Two Prospects With Very Different Paths

Jake Blalock and Carlos Rodriguez are at very different points in their minor league careers. Both hae had good springs in the Phillies minor league camp and the Lakewood BlueClaws are hoping that both continue their success into the regular season. For Blalock and Rodriguez, while the paths are very different, the success could be the same.

For Jake Blalock, life as a kid was good. Growing up in beautiful San Diego with plenty of opportunities being afforded to him. For scouts looking for talent, Blalock was easy to find. The Phillies drafted him in the fifth round of the 2002 Draft out of Rancho Bernardo High School. The Blalock's were somewhat used to the draft routine, since Jake's older brother went through the process just a few years earlier. The elder Blalock is now a member of the Texas Rangers.

For Carlos Rodriguez, youth was a little tougher and has lasted a little longer. With no assurances that he would be found among the baseball fields of the Dominican Republic, Rodriguez had to be more impressive to find his way to professional baseball. The Phillies, and a couple other teams, found Rodriguez and the Phils won out in signing him to a contract at the age of 17.

Blalock is just about two months older than Rodriguez, but in many ways, they are at different levels on the maturity level. That's not to blame Rodriguez. He has admittedly had a much tougher adjustment to professional ball and it's a trip that has had its share of rough spots. No spot was rougher than last season for the young infielder who has come to be known as C-Rod.

After big seasons in the Gulf Coast League in 2001 and the New York – Penn League in 2002, it looked for all the world that Rodriguez would have no trouble adjusting to not only the rigors of professional baseball, but life in the United States. Turning 19 just after the 2002 season, it looked like the worst part was over for Rodriguez. Many players have trouble adjusting in their first season or two, but Rodriguez handled it all in stride. The usual adjustment period that player his age go through was nowhere to be found.

In 2003, Rodriguez was sent to Lakewood to start the season. Almost from day one, there were problems. Nagging injuries slowed C-Rod, leading to a vicious cycle. As the injuries hampered his play, his numbers fell. As his numbers fell, so did Rodriguez' attitude and ambition. Suddenly, Rodriguez had found something that was difficult for him to adjust to. Suddenly, a rising star in the organization became not only a struggling player on the field, but a difficult player off the field. The Phillies dealt with the injuries, C-Rod's struggles and his suddenly different personality. Eventually though, dealing with Rodriguez became more and more of a struggle. The Phillies reached a boiling point and finally uttered two words to Rodriguez meant to set him back on the right path. It was a tough love approach. Those two words? "Go home." Quite simply, the Phillies decided that the best way to deal with their young player was to suspend him and send him back to the Dominican. Hopefully, his friends and family there could help straighten him out and at the same time, the Phillies sent a message to Rodriguez and other young players. It would be their way or no way.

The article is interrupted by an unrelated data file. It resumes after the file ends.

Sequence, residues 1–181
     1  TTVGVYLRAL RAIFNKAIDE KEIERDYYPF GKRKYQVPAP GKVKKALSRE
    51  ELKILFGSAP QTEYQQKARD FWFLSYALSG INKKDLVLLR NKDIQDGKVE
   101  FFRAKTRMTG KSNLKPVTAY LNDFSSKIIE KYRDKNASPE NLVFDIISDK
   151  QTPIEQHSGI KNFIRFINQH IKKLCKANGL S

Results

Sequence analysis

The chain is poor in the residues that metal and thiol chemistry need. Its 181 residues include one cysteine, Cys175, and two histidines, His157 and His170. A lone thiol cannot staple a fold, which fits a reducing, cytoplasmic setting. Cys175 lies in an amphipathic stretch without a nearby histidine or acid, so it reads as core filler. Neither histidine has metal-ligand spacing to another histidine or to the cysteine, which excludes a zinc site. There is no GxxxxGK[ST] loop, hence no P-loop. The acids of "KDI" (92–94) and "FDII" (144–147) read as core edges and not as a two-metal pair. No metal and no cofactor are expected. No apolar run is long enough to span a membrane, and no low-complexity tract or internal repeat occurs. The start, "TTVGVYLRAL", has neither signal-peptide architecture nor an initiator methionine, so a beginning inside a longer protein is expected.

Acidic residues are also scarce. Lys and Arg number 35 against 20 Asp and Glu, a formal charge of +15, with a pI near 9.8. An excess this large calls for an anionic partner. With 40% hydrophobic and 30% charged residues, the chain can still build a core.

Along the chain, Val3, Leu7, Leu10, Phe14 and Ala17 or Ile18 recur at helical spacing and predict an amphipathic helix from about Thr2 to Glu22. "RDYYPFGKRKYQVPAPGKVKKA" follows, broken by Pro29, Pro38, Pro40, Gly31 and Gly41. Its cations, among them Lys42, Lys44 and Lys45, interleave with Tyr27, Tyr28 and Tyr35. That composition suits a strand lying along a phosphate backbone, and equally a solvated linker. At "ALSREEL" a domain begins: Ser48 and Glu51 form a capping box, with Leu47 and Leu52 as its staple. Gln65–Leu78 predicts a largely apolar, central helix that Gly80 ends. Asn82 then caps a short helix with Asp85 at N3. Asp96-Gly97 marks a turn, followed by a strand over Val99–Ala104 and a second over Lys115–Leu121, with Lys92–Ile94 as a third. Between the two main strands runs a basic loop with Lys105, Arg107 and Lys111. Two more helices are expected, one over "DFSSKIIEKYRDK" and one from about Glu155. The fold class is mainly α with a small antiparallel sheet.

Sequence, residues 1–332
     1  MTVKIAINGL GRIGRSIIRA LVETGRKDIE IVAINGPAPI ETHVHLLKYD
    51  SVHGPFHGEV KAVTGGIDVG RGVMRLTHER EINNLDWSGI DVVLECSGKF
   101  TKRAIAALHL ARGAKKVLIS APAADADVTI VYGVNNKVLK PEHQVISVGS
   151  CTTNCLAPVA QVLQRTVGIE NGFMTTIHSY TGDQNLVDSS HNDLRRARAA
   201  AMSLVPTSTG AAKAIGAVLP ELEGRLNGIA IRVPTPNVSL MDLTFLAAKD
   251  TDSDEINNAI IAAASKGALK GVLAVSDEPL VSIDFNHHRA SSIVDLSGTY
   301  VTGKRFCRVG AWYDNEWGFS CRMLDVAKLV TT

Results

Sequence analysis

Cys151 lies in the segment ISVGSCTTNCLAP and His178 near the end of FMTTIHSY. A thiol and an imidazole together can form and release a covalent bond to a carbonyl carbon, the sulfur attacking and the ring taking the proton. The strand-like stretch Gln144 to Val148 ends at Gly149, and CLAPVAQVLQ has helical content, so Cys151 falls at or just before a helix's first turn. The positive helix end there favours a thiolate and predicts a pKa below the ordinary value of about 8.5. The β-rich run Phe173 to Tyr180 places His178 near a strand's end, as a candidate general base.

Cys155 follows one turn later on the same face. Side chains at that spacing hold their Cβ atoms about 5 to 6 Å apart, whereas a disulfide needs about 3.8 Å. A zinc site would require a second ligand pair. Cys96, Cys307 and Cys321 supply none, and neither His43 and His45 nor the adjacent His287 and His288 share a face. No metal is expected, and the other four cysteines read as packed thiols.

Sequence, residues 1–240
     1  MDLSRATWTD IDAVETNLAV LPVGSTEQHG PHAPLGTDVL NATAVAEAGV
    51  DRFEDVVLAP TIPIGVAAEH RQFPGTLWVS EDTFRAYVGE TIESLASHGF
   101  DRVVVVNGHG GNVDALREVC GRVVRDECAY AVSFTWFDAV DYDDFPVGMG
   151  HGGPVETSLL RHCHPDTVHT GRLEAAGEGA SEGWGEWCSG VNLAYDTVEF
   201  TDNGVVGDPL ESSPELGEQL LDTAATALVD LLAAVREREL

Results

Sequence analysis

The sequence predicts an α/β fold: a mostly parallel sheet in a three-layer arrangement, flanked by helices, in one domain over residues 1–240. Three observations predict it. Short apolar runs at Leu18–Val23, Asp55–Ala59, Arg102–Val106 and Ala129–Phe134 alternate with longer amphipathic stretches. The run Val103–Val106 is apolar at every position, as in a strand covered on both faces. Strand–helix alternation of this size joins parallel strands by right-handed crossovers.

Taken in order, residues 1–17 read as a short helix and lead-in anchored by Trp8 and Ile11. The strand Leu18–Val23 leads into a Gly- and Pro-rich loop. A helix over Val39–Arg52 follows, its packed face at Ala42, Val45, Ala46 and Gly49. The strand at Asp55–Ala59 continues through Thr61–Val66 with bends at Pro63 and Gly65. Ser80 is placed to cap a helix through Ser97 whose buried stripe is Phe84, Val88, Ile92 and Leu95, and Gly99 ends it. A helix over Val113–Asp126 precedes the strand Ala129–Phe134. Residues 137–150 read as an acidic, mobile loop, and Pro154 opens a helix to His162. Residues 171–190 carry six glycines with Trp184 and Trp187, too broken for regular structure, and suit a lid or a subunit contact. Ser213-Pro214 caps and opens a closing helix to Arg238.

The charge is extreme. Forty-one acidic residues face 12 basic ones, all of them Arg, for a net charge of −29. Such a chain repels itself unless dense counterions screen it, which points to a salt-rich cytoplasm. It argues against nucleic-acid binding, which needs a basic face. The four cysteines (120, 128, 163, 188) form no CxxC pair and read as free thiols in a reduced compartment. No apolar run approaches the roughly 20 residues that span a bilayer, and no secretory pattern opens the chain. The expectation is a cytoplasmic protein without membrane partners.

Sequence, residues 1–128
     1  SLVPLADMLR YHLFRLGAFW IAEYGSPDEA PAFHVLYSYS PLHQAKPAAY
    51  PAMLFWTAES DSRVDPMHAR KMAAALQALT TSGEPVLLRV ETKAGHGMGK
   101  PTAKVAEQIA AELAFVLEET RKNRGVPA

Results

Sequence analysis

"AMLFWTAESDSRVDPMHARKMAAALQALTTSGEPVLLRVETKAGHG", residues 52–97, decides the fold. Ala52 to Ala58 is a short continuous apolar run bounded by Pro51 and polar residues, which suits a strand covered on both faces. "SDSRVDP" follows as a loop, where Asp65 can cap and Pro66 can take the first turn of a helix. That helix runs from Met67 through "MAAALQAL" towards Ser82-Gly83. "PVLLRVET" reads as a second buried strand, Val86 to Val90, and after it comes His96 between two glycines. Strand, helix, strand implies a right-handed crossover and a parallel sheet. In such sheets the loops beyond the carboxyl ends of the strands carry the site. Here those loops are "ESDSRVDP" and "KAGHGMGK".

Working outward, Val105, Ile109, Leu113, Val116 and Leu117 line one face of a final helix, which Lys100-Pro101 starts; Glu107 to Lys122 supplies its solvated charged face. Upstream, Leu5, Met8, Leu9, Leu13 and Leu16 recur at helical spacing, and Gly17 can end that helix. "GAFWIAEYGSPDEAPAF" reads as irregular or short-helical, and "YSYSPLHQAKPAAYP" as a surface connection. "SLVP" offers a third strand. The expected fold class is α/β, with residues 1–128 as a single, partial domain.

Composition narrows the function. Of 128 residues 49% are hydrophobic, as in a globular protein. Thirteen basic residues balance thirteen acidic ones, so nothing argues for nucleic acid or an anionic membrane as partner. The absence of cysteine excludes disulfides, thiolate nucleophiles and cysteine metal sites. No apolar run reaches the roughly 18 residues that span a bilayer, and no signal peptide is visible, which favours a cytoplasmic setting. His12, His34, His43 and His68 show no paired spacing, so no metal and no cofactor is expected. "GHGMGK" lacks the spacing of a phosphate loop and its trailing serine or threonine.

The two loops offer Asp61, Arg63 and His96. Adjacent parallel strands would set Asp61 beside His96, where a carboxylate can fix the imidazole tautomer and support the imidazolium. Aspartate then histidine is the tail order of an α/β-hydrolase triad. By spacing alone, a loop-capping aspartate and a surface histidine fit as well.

Rodriguez dealt with his attitude. His injuries healed. Eventually, the Phillies sent him a plane ticket to return to the U.S. Now, they hope to have all of that behind them. While 2003 will go down as a lost season and Rodriguez will be back at Lakewood rather than at Clearwater where he might otherwise have been, he's back on track. Since he is so young, the lost season isn't a disaster. Since he's so talented, he may even make up for lost time.

While Rodriguez was struggling at Lakewood, Blalock was beginning to establish himself at Batavia. Hitting .246 in his first two professional seasons with a total of six homeruns is not what the Phillies had in mind. Blalock was supposed to be a faster learner than that and the adjustment figured to be quick, easy and painless. Blalock's power has yet to truly emerge, but the Phillies believe it's just a matter of time. Since 2003 will be Blalock's first shot at a full season minor league, this is where the Phillies figure he's set to really turn up the heat. Perhaps some expected more out of Blalock's early years because of the immediate success that his older brother had in his first years. At this point in his development, Hank Blalock already had a little more than a year under his belt in the South Atlantic League where Jake Blalcok will debut this season. Hank Blalock was also a .313 hitter in his first two seasons with 14 homeruns to his credit. Keep in mind though that until he hit 29 homeruns for Texas last season, the most that Hank Blalock had ever hit in one professional season was 18 in 2001. No coincidence that 2001 was the elder Blalock's third year in professional baseball, and that Jake Blalock is entering his third season of pro ball.

Rodriguez had a quick start and then hit obstacles. While there really haven't been obstacles, Blalock has started at a much slower pace. Both have been hot for the Lakewood BlueClaws in minor league camp this season. The Phillies believe that Rodriguez and Blalock will form the backbone of what could be a nice offense for the BlueClaws.

The paths are different. The development has been different. If all goes as planned though, Carlos Rodriguez and Jake Blalock will have their very different roads meet at the same successful intersection.

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